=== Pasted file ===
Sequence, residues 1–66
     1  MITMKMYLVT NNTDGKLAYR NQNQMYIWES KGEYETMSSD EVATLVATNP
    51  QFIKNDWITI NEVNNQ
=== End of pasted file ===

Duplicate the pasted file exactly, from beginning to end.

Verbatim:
Sequence, residues 1–66
     1  MITMKMYLVT NNTDGKLAYR NQNQMYIWES KGEYETMSSD EVATLVATNP
    51  QFIKNDWITI NEVNNQ